Full course description
Personality disorders are chronic patterns of thought, emotion and behaviour that first appear in adolescence or young adulthood and cause dysfunction in relationships, work and other areas. They affect approximately 10% of the general population and are one of the most prevalent forms of psychopathology seen in mental health care settings. Over the past 30 years, there have been significant advances in the understanding of personality disorders, including their phenomenology and classification, development and aetiology. Moreover, while many personality disorder patients were traditionally thought to be untreatable, recent advances in psychotherapy and medication are showing promising indications of effectiveness in this challenging population. This course aims to provide students with an overview of theories, classification issues and treatment models of personality disorders, with an emphasis on current scientific debate. Topics include personality theories relating to personality disorders; biological models of personality disorders (e.g. genetic and neurotransmitter models); psychological models of personality disorders (e.g. modern psychodynamic, cognitive, interpersonal, integrative models); sociological perspectives on personality disorders; classifications issues (e.g. DSM-IV vs DSM-V diagnosis, Axis I vs. Axis II, categorical vs. dimensional models, polythetic definition, diagnostic techniques); aetiological issues; epidemiological issues; and treatment options.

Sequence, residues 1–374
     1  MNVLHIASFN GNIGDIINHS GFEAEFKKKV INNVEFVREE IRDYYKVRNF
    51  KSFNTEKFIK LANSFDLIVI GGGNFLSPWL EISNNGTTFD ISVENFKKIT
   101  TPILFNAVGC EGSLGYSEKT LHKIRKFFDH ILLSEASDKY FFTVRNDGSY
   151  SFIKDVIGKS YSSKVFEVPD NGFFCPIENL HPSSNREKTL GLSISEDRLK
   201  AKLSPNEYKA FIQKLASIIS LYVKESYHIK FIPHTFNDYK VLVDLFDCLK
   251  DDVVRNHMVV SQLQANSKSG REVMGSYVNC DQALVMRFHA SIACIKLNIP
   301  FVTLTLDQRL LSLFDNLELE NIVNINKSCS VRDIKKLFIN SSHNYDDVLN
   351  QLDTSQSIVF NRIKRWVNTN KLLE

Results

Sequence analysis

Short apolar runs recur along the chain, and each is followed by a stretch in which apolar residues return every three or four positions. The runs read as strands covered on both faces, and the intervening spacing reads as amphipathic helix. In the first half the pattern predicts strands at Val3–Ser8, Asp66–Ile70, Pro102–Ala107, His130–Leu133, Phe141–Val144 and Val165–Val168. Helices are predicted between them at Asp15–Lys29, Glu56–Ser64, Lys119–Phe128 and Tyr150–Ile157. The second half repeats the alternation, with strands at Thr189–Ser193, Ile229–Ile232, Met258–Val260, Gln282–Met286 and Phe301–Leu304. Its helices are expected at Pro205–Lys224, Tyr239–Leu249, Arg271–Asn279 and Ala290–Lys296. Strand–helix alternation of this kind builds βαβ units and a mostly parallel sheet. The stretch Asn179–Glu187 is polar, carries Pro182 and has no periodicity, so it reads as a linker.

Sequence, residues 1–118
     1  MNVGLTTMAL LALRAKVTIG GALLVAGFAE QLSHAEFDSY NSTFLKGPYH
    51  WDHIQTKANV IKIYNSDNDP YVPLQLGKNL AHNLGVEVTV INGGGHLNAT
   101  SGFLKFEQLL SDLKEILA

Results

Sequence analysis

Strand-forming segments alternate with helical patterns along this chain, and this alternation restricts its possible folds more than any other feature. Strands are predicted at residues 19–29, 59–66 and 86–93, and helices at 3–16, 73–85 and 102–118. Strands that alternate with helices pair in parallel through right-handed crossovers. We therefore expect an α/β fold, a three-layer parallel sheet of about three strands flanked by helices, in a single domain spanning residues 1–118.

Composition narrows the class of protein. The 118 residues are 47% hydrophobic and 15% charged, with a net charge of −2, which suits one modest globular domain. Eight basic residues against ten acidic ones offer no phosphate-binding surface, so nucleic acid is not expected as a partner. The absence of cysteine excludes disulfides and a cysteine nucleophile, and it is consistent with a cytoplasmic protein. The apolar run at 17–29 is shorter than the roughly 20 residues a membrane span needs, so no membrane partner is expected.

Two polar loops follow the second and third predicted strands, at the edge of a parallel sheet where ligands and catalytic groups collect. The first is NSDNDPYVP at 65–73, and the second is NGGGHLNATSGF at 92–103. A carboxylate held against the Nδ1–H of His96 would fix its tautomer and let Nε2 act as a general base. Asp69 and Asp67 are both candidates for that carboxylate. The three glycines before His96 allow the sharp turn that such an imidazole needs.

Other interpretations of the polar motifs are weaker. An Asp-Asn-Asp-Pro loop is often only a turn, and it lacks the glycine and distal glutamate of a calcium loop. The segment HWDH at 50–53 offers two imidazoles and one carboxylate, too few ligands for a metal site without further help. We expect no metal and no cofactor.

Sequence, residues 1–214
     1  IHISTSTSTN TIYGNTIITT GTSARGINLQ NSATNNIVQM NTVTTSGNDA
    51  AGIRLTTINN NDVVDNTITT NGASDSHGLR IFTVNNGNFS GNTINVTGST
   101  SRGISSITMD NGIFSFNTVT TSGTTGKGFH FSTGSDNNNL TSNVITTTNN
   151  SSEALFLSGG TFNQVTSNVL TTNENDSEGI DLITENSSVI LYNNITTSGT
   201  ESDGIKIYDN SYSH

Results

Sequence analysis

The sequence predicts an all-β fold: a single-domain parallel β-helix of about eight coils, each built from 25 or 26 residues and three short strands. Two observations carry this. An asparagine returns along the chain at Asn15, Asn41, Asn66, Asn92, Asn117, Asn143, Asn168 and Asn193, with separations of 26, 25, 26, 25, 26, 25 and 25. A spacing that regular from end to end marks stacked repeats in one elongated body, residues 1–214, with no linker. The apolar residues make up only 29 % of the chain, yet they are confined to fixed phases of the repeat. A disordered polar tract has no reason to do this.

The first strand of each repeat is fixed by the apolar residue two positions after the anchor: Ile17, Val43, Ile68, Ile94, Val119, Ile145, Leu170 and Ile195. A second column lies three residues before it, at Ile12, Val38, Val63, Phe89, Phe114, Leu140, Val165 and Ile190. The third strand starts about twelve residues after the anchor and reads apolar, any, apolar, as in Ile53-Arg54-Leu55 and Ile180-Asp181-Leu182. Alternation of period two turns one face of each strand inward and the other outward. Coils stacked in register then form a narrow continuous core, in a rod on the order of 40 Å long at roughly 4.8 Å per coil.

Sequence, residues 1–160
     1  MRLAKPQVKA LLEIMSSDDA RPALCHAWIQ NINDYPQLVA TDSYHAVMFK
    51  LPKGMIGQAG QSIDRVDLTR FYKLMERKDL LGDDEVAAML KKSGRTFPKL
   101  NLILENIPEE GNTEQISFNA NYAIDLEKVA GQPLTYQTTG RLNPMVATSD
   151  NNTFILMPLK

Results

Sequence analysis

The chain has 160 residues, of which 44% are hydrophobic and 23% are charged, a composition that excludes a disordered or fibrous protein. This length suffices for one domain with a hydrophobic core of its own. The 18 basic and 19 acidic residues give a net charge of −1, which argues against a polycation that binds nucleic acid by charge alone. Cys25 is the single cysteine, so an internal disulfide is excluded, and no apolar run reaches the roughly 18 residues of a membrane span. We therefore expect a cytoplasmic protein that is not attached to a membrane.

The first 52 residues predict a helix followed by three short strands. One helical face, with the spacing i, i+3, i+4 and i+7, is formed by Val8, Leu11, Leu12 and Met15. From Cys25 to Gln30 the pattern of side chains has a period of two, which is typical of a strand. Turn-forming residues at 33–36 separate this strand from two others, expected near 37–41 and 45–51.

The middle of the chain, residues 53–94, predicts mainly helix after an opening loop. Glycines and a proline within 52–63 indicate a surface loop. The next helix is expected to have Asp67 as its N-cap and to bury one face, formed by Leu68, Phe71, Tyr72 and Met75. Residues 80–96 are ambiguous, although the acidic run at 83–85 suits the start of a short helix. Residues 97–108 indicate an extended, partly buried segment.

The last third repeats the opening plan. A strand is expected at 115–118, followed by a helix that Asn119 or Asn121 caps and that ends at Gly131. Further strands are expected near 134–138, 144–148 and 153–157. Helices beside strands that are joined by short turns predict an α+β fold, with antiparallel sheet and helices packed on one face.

- students are able to explain the definitions of the 10 different PDs, and gain insight on the clinical manifestation of the PDs;
- students gain and apply knowledge about the current debate of whether PDs should be considered continuous, categorical or hybrid constellations;
- students can explain the different models on PDs, like the biological model, modern psychodynamic models; cognitive models; and PD-specific models (e.g. Dialectical Behavior Theory and emotional hyperreactivity for borderline PD);
- students are explain the main goals of the different treatment models, gain clinical insight into these therapies, and reflect on the empirical evidence supporting the effectiveness of the different therapies;
- students gain knowledge and are able to critically reflect on the different assessment methods used in PD research.